A:

A bank guarantee and a letter of credit are similar in many ways but they're two different things. Letters of credit ensure that a transaction proceeds as planned, while bank guarantees reduce the loss if the transaction doesn't go as planned.

A letter of credit is an obligation taken on by a bank to make a payment once certain criteria are met. Once these terms are completed and confirmed, the bank will transfer the funds. This ensures the payment will be made as long as the services are performed.

A bank guarantee, like a line of credit, guarantees a sum of money to a beneficiary. Unlike a line of credit, the sum is only paid if the opposing party does not fulfill the stipulated obligations under the contract. This can be used to essentially insure a buyer or seller from loss or damage due to nonperformance by the other party in a contract.

For example a letter of credit could be used in the delivery of goods or the completion of a service. The seller may request that the buyer obtain a letter of credit before the transaction occurs. The buyer would purchase this letter of credit from a bank and forward it to the seller's bank. This letter would substitute the bank's credit for that of its client, ensuring correct and timely payment.

A bank guarantee might be used when a buyer obtains goods from a seller then runs into cash flow difficulties and can't pay the seller. The bank guarantee would pay an agreed-upon sum to the seller. Similarly, if the supplier was unable to provide the goods, the bank would then pay the purchaser the agreed-upon sum. Essentially, the bank guarantee acts as a safety measure for the opposing party in the transaction.

These financial instruments are often used in trade financing when suppliers, or vendors, are purchasing and selling goods to and from overseas customers with whom they don't have established business relationships. The instruments are designed to reduce the risk taken by each party.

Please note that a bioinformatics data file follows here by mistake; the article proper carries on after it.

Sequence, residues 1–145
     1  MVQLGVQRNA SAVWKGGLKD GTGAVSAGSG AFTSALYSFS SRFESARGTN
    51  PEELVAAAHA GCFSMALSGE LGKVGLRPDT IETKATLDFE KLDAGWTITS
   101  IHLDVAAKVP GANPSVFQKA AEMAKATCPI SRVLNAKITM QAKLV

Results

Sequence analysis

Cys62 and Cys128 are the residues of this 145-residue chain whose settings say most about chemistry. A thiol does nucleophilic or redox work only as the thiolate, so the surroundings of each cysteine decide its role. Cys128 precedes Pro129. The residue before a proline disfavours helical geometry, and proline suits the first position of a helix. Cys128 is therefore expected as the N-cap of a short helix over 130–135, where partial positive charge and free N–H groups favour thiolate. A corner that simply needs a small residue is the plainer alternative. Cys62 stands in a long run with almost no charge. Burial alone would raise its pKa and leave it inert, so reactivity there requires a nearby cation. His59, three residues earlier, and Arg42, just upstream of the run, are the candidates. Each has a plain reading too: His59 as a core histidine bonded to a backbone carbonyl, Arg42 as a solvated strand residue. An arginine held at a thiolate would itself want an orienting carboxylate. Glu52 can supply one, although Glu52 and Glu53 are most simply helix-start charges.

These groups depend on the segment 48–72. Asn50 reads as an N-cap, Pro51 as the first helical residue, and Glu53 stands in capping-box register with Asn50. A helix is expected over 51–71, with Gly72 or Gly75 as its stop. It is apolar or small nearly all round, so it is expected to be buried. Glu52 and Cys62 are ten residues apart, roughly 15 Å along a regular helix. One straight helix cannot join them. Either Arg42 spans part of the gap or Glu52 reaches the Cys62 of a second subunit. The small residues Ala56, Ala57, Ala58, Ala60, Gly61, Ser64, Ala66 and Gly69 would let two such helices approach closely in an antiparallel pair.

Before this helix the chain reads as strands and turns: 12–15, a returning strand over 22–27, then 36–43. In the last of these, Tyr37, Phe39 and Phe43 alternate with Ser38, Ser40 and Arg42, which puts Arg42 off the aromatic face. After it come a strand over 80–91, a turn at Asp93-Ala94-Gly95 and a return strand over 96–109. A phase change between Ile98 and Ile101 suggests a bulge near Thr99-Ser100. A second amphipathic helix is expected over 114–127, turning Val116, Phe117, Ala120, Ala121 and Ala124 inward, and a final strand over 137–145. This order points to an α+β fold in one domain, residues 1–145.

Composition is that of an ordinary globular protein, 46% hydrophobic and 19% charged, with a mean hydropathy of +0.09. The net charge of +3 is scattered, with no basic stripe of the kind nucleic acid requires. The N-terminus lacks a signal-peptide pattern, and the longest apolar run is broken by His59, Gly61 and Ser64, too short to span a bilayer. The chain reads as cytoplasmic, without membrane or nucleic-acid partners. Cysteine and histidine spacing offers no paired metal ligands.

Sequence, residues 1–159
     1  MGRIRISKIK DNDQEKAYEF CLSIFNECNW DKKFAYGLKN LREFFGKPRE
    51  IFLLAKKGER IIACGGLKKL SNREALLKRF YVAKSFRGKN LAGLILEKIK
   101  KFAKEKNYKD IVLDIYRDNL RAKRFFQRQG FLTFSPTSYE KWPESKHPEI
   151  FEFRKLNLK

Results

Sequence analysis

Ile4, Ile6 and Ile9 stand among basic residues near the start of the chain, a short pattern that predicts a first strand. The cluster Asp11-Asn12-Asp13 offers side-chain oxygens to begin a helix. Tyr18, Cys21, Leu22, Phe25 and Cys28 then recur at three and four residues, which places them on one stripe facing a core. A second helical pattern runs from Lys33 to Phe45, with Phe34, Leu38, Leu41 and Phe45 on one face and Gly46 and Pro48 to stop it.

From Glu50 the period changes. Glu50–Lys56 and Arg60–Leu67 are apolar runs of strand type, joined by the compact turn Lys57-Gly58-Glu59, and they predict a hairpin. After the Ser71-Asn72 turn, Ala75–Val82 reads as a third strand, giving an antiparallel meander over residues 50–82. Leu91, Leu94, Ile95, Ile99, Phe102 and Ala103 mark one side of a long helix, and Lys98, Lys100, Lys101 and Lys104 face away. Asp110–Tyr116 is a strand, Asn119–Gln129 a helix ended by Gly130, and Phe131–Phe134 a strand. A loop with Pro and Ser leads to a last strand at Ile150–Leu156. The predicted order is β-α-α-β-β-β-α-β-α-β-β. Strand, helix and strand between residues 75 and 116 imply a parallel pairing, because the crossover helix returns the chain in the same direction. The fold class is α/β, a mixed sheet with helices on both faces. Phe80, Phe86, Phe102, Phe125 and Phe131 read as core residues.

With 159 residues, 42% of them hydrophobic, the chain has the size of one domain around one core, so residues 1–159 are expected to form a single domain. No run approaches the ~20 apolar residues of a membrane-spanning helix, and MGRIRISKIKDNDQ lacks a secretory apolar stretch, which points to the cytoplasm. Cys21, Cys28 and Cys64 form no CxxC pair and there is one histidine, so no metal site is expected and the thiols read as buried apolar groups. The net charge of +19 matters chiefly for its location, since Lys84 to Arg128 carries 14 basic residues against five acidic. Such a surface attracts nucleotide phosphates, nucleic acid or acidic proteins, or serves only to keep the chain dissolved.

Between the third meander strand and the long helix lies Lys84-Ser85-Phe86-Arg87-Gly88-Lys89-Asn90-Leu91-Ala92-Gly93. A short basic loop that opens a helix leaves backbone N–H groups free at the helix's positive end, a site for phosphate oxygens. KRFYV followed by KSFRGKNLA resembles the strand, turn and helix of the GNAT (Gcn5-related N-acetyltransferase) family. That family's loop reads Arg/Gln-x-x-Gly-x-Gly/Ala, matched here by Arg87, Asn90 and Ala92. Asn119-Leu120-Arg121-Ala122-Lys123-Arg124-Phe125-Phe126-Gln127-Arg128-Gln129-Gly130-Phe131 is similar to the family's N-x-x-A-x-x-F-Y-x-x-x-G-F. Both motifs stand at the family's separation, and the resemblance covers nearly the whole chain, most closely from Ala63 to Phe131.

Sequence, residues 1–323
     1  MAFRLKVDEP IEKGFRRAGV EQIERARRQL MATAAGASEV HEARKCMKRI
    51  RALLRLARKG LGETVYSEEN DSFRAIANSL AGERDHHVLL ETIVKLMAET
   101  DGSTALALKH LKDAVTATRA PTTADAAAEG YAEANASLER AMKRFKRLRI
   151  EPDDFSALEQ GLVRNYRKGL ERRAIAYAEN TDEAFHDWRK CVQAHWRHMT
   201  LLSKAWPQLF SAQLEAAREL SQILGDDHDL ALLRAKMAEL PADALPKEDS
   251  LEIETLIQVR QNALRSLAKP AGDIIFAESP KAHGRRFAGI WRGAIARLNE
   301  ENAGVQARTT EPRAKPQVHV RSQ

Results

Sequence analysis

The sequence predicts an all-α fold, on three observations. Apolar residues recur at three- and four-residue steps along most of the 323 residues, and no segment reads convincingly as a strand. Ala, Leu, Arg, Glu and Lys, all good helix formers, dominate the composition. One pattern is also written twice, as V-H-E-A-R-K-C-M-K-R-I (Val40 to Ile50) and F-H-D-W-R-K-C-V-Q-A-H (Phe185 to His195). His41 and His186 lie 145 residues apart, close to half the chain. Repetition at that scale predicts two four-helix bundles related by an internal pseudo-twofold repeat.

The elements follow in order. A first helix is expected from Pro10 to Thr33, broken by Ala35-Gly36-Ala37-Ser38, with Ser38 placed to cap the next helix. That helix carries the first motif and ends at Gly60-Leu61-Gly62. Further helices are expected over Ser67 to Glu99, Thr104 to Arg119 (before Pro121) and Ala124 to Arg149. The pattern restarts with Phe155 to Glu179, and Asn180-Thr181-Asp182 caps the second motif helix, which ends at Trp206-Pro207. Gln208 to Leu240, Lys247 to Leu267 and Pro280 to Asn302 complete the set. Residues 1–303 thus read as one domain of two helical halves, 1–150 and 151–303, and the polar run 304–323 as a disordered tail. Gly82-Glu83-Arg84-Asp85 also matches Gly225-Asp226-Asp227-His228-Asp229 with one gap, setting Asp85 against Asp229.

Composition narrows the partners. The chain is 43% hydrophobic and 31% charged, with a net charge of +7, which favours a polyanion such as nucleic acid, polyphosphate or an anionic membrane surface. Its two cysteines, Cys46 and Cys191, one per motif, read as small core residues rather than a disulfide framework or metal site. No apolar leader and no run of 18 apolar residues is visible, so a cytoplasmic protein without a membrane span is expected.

For further reading, see What Is International Trade?

RELATED FAQS

  1. Can I have more than three original Bills of Lading?

    How many bills of lading copies are allowed when importing or exporting? Should I ship by air or sea? What type of bill of ...
  2. Is the banking sector subject to any seasonal trends?

    Explore the unexpected seasonal trends that can be discerned regarding the banking industry and the financial services sector ...
  3. What are some of the well-known no-load funds?

    Find out more about the capital to risk-weighted assets ratio, what the ratio measures and the formula used to calculate ...
  4. How do you calculate payback period using Excel?

    Understand the various fees that can be assessed on a personal or business checking account, and learn methods to avoid being ...
RELATED TERMS
  1. Debit Card

    An electronic card issued by a bank which allows bank clients ...
  2. Average Revenue Per User (ARPU)

    A measure of how much income a business generates, given the ...
  3. Money Market Account

    An interest-bearing account that typically pays a higher interest ...
  4. Compound Interest

    Interest calculated on the initial principal and also on the ...
  5. Straight Credit

    A type of letter of credit. A straight credit can only be paid ...
  6. Pirate Bank

    A type of offshore savings account used by a wealthy individual ...

You May Also Like

Related Articles
  1. Investing

    Can I have more than three original ...

  2. Entrepreneurship

    Technology, The Biggest Threat For Big ...

  3. Investing Basics

    An Investor's Guide To Bank Stress-Testing

  4. Stock Analysis

    How Wells Fargo Became The Biggest Bank ...

  5. Stock Analysis

    Why Wal-Mart Needs To Expand Into Financial ...

Trading Center